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Books 10-12 of Homer's Odyssey contain a number of allusions to other events in classical mythology.
In Book 10 and elsewhere, Hermes is given the epithet "Slayer of Argus," which alludes to a story told outside of Homer about how Hermes killed a multi-eyed creature named Argus, who was charged with guarding a woman named Io.
Book 11 contains dozens of allusions as Odysseus sees or encounters the spirits of numerous famous dead people. For example, Odysseus sees "Eriphyle, who sold her own husband’s life for gold." (A.S. Kline translation). This is an allusion to Amphiaraus of Argos, whose wife Eriphyle, bribed by Polyneices with a divinely-made necklace, convinced her husband to go off and fight in a war that he knew would result in his own (Amphiaraus') death.
In the same book, Odysseus sees Heracles, who mentions that he "served a man far inferior to me, and he set me difficult tasks." This is an allusion to Eurystheus, the king who sent Heracles on his famous labors.
Finally, in Odyssey 12, we find an allusion to the quest for the Golden Fleece when Circe tells Odysseus about the Wandering Rocks:
Only one ocean-going vessel has passed between them, the celebrated Argo fleeing from Aeetes, and the waves would have quickly broken her on the massive crags, if Hera had not seen her through, because of her care for Jason.
Odysseus alludes to the Trojan War when he sees his mother in the Underworld in Book X. He tells her that he's been wandering and experiencing "endless hardship from that day [he] first set sail with King Agamemnon bound for Troy, the stallion-land, to fight the Trojans there." The Trojan War was, indeed, a terrible ordeal, discussed at length in The Iliad. Odysseus fought in the Trojan War for ten years, prior to the start of his odyssey home, and the Achaeans only, finally, breached the walls of Troy and defeated with Trojans with the deceptive Trojan Horse (Odysseus's idea).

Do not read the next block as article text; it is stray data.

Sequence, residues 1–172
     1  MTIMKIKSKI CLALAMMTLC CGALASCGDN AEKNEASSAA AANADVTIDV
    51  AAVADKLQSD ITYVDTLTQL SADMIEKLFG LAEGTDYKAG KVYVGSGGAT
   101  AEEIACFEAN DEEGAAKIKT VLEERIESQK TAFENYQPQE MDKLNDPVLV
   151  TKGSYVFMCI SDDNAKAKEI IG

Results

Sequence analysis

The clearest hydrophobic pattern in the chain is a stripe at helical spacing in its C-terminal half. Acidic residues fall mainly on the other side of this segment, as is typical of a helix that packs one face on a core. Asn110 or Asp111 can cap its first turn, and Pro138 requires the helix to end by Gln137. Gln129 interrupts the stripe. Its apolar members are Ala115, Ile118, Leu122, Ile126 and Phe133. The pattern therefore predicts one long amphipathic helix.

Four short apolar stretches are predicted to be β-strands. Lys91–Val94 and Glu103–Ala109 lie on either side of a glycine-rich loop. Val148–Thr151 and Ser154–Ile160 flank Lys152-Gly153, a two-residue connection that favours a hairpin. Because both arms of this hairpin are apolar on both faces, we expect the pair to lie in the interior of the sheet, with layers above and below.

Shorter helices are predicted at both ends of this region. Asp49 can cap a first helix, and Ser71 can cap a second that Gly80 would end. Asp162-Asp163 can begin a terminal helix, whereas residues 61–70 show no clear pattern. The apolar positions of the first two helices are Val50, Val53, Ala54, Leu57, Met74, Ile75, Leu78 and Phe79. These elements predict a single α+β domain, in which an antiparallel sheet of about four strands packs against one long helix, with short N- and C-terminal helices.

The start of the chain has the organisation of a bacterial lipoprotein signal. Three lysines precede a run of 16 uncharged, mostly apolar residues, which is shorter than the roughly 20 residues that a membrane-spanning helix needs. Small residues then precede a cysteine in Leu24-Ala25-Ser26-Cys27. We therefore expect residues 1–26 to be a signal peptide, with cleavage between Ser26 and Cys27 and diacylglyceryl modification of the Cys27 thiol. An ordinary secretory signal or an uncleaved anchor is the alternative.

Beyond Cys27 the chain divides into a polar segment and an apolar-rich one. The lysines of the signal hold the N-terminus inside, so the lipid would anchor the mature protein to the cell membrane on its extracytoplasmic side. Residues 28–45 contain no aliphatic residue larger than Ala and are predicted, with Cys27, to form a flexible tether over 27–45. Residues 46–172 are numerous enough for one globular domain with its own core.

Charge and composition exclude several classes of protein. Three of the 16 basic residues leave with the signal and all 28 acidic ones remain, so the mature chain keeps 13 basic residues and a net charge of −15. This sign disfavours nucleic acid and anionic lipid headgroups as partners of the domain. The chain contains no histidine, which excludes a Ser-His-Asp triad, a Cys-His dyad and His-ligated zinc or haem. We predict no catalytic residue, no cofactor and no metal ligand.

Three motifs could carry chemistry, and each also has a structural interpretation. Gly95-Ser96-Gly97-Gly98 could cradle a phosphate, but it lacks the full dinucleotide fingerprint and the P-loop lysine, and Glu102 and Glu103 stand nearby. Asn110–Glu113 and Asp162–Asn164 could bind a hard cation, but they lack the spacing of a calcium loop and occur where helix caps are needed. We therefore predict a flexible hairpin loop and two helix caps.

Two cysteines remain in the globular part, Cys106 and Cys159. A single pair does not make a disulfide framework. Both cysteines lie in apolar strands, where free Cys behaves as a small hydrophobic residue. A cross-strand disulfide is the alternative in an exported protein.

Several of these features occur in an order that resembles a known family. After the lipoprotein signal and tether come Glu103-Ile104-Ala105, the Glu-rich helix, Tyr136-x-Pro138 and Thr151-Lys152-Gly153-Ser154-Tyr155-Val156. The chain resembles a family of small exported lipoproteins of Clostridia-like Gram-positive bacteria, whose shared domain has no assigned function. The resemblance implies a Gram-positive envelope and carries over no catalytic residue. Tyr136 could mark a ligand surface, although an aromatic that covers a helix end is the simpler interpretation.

Odysseus sees many important figures from mythology in the Underworld. He describes the wives and daughters and mothers of quite a few famous men. He says, "And I saw Alcmena next, Amphitryon’s wife, who slept in the clasp of Zeus and merged in love and brought forth Heracles, rugged will and lion heart." With this line, he alludes to the story of Hercules. Zeus came to Hercules's mother in the form of her husband, so she slept with him, and she got pregnant with Hercules, son of Zeus and a demigod.
Moreover, Odysseus continues, "And I saw Megara too, magnanimous Creon’s daughter wed to the stalwart Heracles, the hero never daunted." Megara's story is terribly sad: Hera, in her anger at Zeus for his affair with Alcmena, Hercules's mother, drove Hercules insane so that he killed his wife, Megara, and their children. Hercules, when she returned him to his senses, felt so terrible that he embarked on a mission to cleanse himself of his awful actions.
Further, Odysseus sees "the mother of Oedipus, beautiful Epicaste. What a monstrous thing she did, in all innocence—she married her own son ... who’d killed his father, then he married her!" Another awful story: Epicaste receives a prophecy that her son would grow up to kill his father and marry her, so when she gave birth to Oedipus, she sent him away to be killed. However, the slave who took him away didn't kill him; he gave the baby away to a shepherd who served another royal family. When Oedipus grows up, he leaves home and an oracle tells him the same prophecy, so he vows never to go home again (not knowing he was adopted). In trying to avoid the prophecy, he inadvertently makes choices that allow for it to come true: he kills his real father and marries his mother, even siring children by her. When Epicaste finds out, she kills herself.
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